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    HomeLondonPost`Peter Dutton offers to cut the budget to fund the AUKUS program

    Peter Dutton offers to cut the budget to fund the AUKUS program

    CANBERRA (London Post with ABC News and AAP) By Dr. Majid Khan- Opposition Leader Peter Dutton has offered bipartisan support to pass budget savings the Albanese government will need to fund the massive submarine program, expected to cost more than $200 billion for at least eight submarines.

    Albanese government to fund the submarine deal.He encouraged the government to “be up-front with the Australian people because it’s a costly process”.Mr Dutton says it would not make “economic sense” for Australia to make its own nuclear reactors for the submarines.Asked on the ABC’s 7.30 program if the Coalition was prepared to “think outside the usual partisan box” to help the government make budget savings in the national interest, Mr Dutton said:
    “The short answer is, yes.

    “There will always be points of difference. If there are different ways in which we can provide support to the government, we are happy to do that.”

    The opposition leader cited the example of the National Disability Insurance Scheme, the overall cost of which both sides of politics have said is on an unsustainable trajectory.

    Mr Dutton said the most crucial period to focus on was securing funding for the AUKUS project over the next four years.

    He said:“We would encourage the government to be transparent about the money that’s involved, be up-front with the Australian people because it’s a costly process.”

    The details of the submarine deal will be unveiled by Prime Minister Anthony Albanese, US President Joe Biden and UK Prime Minister Rishi Sunak on Tuesday morning from San Diego.

    Australian-made nuclear reactors would not make ‘economic sense’
    A submarine moves through the water causing a massive wake behind it, some crew visible above deck.Peter Dutton says it’s “not realistic” for Australia to make its own nuclear reactors for the subs.(US Navy).Mr Dutton took over the position of defence minister while the details of the submarine program were still a closely guarded secret within government and the defence establishment.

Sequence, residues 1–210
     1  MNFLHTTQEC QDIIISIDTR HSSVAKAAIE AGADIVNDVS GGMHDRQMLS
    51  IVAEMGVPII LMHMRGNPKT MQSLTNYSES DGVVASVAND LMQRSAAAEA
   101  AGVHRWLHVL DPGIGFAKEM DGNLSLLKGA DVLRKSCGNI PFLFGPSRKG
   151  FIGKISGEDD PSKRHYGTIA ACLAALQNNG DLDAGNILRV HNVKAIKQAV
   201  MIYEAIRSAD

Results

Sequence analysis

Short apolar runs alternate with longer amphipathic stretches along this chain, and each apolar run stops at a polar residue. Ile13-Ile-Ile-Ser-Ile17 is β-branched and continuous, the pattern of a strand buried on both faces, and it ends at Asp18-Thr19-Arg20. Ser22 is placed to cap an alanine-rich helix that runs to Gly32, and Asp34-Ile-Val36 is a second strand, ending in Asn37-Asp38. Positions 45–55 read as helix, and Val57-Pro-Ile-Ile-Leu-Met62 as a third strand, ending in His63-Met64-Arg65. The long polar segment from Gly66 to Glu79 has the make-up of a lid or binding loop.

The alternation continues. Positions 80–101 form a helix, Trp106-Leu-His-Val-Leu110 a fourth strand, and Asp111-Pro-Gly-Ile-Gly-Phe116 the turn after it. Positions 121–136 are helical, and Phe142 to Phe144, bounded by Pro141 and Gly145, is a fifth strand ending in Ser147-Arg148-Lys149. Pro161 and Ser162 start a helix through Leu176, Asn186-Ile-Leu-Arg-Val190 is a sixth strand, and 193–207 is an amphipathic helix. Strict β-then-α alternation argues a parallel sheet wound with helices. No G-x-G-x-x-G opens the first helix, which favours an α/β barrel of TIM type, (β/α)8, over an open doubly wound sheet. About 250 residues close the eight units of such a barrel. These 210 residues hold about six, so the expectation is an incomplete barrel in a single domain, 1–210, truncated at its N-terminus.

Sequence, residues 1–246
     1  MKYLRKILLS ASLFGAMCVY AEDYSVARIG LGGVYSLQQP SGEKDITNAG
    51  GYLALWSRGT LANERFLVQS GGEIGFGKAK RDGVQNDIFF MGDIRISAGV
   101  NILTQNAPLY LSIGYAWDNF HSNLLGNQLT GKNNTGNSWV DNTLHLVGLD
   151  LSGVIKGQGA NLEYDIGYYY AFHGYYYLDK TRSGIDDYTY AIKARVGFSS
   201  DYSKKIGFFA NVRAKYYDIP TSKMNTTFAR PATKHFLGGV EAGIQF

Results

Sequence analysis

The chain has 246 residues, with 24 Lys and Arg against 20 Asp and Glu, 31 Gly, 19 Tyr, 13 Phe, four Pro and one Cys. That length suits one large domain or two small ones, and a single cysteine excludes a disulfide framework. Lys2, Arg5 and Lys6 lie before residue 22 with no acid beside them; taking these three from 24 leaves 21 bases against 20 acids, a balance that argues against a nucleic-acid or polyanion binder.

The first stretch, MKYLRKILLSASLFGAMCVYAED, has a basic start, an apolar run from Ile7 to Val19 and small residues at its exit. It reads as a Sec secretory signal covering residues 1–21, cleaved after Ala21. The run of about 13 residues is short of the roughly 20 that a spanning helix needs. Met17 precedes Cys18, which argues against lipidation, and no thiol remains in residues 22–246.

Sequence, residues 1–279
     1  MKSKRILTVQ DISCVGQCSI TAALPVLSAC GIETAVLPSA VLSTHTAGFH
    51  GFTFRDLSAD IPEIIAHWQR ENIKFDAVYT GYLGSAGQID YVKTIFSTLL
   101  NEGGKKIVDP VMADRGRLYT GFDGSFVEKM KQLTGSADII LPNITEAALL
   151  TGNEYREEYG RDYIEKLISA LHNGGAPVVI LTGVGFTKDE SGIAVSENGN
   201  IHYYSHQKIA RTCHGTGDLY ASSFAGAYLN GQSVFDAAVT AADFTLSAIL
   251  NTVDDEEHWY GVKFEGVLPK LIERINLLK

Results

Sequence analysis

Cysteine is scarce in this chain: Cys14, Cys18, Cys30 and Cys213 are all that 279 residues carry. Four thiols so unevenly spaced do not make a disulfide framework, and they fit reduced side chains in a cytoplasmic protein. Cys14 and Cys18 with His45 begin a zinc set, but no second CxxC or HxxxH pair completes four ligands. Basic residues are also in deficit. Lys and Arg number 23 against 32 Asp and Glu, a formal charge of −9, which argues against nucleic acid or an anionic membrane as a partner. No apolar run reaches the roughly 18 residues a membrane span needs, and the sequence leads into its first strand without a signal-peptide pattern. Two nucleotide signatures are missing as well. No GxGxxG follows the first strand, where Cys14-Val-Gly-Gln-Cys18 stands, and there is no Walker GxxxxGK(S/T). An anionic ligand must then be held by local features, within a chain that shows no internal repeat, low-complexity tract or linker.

“It was a compartmentalised arrangement our thought all the way through was that the size of the US system would mean that it would leak at some stage, but fortunately, that didn’t happen,” Mr Dutton said.

    Mr Dutton credited Anthony Albanese for supporting the project while in opposition. “They did so on the basis that it would not create a domestic nuclear industry,” he said.

    He dismissed the idea of ​​Australia building its own nuclear reactors for its future submarine fleet, saying it was “not realistic”.

    “Honestly, it doesn’t make sense economically,” Dutton said.

    The opposition leader was questioned about earlier comments by Vice Admiral Jonathan Meade, who heads the Australian Navy’s task force on the nuclear submarine project.

    Meade said at 7:30 am last month that Australia had no plans to build its own nuclear reactor “at this time.” Mr Dutton responded by saying Mr Meade was “an Australian extraordinaire” and “no doubt he will have options for decades and decades ahead”.

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